Beyond Christianity

Gandhi Loved Jesus – But Often Disliked Christians

What if deep, genuine love and respect for Jesus are actually more holy, more saving, than what most American Christians think and do when they say they “believe in” Jesus?

Gandhi loved Jesus, but often disliked Christians.

Let’s not present him in a way calculated just to make us look better. We don’t actually look better – especially when we do that – so give it up.
These remarks about Gandhi being “Wrong” appeared online (quoted below), attributed to a currently prominent Evangelical writer. I could not find a good source so will not name names. But these ways of thinking and arguing are very common in “evangelical” circles, and I can easily believe he did say it.

I don’t like it.  We don’t have to be like this.

He misrepresents Gandhi – both Gandhi’s teaching and his practice.

  1. Of several points, here’s a key one: Gandhi himself defined “ahimsa” in a much more rigorous way than is represented here.
    • It meant rigorous self-awareness and self-discipline in spiritual life and in service.  It meant rigorous study of the people and needs around so as to appropriately serve them.
      • He said satyagraha (his strategy of spiritual and public work) required “great study, tremendous perseverance, and thorough cleansing of oneself”.
      • For Gandhi, Ahimsa is very active, energetic, intelligent, proactive, publicly engaged – not at all a “live and let live tolerance”. It is profoundly self-sacrificial, profoundly alert to the sufferings and the needs of others, profoundly attentive to issues of strategy in dealing with those needs.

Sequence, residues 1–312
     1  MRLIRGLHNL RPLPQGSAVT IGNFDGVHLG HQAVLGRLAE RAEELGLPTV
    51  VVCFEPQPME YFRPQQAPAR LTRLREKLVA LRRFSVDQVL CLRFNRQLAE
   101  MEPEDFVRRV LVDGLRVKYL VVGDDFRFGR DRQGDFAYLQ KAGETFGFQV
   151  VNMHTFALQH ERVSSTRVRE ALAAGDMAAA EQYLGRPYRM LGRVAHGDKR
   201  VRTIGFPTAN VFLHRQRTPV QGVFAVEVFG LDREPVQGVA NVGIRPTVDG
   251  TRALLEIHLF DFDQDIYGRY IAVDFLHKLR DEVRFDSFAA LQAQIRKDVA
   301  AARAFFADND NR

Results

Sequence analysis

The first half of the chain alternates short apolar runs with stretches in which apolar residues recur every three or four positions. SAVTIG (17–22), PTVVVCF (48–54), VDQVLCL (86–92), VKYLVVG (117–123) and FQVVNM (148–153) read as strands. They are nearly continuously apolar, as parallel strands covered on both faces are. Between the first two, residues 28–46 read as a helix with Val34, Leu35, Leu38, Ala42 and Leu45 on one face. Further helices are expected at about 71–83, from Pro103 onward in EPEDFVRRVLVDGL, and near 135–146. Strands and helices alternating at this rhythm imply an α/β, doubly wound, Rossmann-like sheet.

• So if we’re going to complain about Gandhi, let’s deal with Gandhi, not make-believe, not just some generalized Hindu climate of opinion.  After all, we do not appreciate being slandered by general cultural opinions about our own faith.  We should never do that to others.
      • And by all means let’s not present him in a way calculated just to make us look better.  We don’t actually look better – especially when we do that – so give it up.
  2. Gandhi practiced what he preached – and India knew it. And his practice demonstrated love for all fellow-Indians, particularly the lowest and most despised.  And India knew it and loved him for it.
    • Most of America today has quite an opposite evaluation of the most prominent “Christian” spokespersons, and therefore of Christian faith itself.  That’s our fault, not Gandhi’s.
  • He ignores the blatant reality that Gandhi did practice the “Golden Rule” (and ahimsa), FAR better than most western or westernized Christians practice either the Golden Rule or other parts of their own professed faith.  And Gandhi knew that.  And Christians who knew him generally admitted it.
    • Jesus said to judge them by their fruits – that is, not by their professions or arguments about speculative theology or moral theory.  Gandhi, of course, agreed with Jesus on that. He also measured up.
  • Gandhi loved and respected Jesus.
    What if deep, genuine love and respect are actually more holy, more saving, than what most American Christians think and do when they say they “believe in” Jesus?
    • What if love and respect and follow actually equal “believe in”? What if deep, genuine love and respect are actually more holy, more saving, than what most American Christians think and do when they say they “believe in” Jesus?
    • Gandhi frequently said that he loved Christ – that it was Christians he had a problem with.
  • The article implies that Gandhi was more passive and uninvolved than Christians are, or are called to be, which is wildly false.  Wildly false.
Gandhi did practice the “Golden Rule” (and his own religion), FAR better than most western or westernized Christians practice either the Golden Rule or the rest of their own professed faith.  And he knew it. And Christians who knew him generally admitted it.